NI: Executive breached duties by failing to implement Irish language strategy

NI: Executive breached duties by failing to implement Irish language strategy

The Northern Ireland Executive has breached its statutory duties by failing to implement an Irish language strategy, the High Court in Belfast has ruled.

Mr Justice Paul Maguire ruled in favour of a judicial review brought by Irish language group Conradh na Gaeilge, who said the Executive had not made good on promises to adopt an Irish language strategy as promised in the St Andrews Agreement and the Programme for Government 2011-2015.

In a written judgment, Mr Justice Maguire said: “The court is of the opinion that it should make a declaration that the Executive Commitee has failed, in breach of its statutory duty under 28D (1) of the Northern Ireland Act 1998, to adopt a strategy setting out how it proposes to enhance and protect the development of the Irish language.”

Application for leave in the case was granted in May 2016 and the case was heard in full in the High Court on 8 February 2017.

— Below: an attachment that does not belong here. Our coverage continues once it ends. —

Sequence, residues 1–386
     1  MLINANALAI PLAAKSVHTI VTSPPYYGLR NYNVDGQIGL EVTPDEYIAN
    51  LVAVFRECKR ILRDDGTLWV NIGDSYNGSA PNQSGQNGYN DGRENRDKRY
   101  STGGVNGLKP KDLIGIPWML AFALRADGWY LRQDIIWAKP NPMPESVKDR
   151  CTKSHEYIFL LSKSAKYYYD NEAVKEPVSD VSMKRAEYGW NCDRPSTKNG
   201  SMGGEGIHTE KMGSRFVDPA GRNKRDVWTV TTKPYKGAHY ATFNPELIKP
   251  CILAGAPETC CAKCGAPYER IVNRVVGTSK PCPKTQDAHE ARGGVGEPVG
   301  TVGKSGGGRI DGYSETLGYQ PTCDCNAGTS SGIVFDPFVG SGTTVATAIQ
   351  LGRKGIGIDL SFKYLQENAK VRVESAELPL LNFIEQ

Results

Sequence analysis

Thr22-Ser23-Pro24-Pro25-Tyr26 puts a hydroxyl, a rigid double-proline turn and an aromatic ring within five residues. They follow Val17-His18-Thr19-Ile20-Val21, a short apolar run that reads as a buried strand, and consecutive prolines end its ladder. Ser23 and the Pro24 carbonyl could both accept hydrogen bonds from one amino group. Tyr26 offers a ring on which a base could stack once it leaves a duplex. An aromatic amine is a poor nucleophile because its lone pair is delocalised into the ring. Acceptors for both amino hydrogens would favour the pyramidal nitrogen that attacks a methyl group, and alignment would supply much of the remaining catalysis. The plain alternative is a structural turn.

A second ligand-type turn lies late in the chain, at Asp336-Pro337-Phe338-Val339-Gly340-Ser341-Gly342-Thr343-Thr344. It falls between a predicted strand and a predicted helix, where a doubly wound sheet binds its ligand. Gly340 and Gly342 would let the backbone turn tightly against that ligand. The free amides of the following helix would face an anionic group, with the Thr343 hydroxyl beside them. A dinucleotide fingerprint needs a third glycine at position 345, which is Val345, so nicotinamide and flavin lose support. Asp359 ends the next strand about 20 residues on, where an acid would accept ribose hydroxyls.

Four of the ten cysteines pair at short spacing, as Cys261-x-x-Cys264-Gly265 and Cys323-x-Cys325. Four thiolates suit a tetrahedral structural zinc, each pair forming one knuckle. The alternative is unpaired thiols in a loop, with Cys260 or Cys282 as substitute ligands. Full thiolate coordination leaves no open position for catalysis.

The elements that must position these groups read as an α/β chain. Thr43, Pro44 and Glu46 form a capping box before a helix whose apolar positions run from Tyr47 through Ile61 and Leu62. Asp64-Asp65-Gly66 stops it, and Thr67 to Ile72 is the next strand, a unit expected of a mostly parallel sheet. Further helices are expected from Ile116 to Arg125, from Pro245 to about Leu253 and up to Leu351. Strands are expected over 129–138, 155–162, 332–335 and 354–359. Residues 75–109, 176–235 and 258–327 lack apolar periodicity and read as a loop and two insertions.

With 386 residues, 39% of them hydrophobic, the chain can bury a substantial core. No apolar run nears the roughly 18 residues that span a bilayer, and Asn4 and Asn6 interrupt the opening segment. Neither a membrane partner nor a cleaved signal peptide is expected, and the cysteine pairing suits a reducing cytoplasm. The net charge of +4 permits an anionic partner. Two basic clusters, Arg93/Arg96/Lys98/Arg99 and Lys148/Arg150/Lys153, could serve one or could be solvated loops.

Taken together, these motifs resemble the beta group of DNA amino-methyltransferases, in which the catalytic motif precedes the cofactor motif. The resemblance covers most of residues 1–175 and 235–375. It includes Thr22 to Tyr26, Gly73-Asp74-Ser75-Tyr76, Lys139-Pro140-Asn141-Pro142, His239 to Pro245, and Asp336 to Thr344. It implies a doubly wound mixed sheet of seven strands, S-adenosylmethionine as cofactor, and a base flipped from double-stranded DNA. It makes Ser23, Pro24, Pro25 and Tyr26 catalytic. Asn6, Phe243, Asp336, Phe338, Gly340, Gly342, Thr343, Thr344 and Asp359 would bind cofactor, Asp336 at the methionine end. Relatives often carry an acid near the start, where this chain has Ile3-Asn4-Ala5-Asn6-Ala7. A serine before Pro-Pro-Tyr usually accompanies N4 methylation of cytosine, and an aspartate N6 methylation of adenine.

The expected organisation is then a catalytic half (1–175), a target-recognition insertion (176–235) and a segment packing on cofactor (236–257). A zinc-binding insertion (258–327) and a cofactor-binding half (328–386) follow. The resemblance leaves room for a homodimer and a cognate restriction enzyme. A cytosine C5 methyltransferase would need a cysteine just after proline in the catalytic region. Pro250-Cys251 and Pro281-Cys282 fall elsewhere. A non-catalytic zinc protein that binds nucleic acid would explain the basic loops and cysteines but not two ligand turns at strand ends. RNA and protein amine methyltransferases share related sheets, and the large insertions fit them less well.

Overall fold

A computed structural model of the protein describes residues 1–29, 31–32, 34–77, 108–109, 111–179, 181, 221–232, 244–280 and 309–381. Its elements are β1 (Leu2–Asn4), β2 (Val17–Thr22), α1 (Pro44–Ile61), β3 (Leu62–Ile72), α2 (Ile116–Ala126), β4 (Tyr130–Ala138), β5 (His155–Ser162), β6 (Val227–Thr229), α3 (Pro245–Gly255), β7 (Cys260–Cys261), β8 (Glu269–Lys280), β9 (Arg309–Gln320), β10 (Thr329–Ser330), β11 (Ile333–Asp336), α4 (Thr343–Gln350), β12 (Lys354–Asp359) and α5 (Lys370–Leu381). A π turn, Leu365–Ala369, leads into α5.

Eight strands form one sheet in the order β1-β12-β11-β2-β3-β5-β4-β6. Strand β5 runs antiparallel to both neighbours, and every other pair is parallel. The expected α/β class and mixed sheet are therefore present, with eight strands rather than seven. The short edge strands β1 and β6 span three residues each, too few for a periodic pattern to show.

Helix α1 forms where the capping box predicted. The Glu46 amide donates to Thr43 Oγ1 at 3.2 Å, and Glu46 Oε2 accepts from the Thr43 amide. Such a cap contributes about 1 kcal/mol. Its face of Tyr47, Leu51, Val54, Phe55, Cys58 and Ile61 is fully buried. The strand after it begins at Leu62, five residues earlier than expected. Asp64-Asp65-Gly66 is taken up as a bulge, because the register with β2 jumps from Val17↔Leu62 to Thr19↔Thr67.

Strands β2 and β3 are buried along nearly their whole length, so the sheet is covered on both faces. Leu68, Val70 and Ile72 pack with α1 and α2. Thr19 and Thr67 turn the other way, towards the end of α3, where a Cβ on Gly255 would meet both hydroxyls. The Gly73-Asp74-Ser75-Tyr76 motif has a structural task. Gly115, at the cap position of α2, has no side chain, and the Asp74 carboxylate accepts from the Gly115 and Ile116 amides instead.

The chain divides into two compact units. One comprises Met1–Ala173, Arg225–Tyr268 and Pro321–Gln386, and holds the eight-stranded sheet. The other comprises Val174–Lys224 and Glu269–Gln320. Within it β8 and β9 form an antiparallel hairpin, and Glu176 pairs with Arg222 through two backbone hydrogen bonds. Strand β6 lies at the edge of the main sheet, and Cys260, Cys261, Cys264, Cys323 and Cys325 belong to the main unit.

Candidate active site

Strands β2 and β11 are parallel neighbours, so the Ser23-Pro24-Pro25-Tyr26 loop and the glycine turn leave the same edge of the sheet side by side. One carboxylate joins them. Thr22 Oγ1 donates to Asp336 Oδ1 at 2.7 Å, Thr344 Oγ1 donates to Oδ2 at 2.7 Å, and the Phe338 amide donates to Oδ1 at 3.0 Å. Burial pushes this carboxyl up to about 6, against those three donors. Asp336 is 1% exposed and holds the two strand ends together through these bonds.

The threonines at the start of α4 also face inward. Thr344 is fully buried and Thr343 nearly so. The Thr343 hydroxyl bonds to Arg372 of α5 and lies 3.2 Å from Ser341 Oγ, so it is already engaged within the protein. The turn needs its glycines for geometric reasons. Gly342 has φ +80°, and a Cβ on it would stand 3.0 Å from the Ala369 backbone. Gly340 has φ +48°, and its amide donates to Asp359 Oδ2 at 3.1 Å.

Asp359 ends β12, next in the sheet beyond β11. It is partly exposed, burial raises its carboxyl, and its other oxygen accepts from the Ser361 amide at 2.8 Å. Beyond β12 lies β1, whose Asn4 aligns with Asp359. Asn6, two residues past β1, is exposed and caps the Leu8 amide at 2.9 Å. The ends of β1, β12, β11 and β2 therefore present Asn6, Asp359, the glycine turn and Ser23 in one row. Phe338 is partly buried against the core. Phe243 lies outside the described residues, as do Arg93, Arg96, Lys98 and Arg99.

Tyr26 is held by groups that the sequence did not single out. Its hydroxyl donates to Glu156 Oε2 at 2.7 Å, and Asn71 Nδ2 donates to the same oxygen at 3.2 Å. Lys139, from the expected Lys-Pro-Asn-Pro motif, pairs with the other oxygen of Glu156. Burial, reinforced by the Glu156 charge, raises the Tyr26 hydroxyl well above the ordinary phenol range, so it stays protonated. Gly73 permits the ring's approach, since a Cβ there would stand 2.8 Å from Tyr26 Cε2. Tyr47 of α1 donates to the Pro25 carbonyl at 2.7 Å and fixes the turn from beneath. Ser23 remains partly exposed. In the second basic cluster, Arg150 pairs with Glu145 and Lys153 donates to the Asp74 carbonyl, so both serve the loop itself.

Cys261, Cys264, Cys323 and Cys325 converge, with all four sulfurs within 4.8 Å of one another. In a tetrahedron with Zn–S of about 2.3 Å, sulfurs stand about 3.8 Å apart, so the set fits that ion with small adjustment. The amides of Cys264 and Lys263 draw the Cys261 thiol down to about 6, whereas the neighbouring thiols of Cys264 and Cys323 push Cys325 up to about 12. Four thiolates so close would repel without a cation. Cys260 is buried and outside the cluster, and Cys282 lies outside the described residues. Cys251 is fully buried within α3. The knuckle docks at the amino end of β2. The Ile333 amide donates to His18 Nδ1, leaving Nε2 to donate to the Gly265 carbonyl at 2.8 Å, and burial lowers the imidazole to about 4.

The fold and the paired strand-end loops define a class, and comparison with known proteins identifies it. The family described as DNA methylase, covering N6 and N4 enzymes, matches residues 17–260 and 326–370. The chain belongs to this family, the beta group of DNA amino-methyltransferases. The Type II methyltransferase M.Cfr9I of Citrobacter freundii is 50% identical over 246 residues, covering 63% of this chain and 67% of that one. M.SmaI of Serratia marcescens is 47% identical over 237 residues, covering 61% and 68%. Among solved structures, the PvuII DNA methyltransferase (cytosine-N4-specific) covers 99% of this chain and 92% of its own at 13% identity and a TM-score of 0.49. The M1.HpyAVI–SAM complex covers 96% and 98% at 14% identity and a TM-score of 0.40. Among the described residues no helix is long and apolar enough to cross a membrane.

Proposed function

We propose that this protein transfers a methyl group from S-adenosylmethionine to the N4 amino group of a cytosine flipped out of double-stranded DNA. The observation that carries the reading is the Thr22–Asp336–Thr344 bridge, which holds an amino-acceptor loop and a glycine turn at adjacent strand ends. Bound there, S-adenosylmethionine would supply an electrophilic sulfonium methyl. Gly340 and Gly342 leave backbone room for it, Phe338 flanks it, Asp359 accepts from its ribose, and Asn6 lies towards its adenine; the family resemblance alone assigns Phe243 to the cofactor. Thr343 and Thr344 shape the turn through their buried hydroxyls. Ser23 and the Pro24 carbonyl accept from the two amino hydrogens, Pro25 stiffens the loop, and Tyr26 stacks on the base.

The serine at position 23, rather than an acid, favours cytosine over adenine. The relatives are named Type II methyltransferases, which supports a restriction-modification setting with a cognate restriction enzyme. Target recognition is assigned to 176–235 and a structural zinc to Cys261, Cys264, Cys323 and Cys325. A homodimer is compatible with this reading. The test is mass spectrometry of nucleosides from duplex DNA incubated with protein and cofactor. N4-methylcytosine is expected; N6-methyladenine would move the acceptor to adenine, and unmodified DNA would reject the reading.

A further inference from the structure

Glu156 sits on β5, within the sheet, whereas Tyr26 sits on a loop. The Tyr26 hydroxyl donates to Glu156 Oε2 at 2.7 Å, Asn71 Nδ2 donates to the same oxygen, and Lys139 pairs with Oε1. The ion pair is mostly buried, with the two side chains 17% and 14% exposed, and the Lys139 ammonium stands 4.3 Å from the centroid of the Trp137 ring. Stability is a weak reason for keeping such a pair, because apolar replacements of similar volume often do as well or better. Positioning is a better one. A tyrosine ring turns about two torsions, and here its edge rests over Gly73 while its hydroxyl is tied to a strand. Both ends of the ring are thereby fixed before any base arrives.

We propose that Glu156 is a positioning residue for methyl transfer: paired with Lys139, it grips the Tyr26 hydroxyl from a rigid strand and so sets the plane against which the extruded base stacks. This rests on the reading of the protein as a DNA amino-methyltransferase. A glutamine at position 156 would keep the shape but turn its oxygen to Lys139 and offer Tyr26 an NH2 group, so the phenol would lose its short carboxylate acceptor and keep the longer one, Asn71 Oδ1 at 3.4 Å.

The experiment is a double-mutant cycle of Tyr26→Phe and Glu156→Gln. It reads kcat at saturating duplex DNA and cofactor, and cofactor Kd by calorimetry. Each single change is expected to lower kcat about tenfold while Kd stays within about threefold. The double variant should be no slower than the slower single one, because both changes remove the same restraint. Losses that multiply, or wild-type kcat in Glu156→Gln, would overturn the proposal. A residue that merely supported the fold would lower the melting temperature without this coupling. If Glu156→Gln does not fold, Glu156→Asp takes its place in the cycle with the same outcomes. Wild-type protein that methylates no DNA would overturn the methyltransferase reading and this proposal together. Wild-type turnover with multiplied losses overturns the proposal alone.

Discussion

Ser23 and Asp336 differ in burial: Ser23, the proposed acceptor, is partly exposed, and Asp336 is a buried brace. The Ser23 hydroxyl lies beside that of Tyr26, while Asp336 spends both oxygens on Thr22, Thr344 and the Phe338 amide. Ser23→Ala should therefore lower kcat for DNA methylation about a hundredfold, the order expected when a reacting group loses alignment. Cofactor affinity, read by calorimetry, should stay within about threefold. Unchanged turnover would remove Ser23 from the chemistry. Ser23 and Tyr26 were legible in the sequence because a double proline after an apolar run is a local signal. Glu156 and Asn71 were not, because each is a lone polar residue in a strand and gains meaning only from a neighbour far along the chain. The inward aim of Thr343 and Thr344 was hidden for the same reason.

In a statement after the ruling, Conradh na Gaeilge commended the work of its legal team, especially solicitor Mícheál Ó Flannagáin, and the support of the PILS Project throughout the case.

Dr Niall Comer, CnG president, said: “Conradh na Gaeilge welcomes this historic decision in the High Court today, a ruling that proves that Irish language-based cases can be won in the north.

“Conradh na Gaeilge always maintained there was no need for this case, that the Executive’s obligations were clear from the beginning, obligations that stem from the St Andrews Agreement. Instead of implementing their commitments over the last ten years, certain parties have opposed a development strategy for the Irish language.

“The law has confirmed today, however, that there must be an end to the delay and to the pretence.”

Julian de Spáinn, general-secretary of Conradh na Gaeilge, said there was “added pressure on the state to ensure rights and protection of the Irish-language community.”

He added: “Conradh na Gaeilge maintains that the only way to guarantee these developments is through protective legislation for the language in the form of an Act.”

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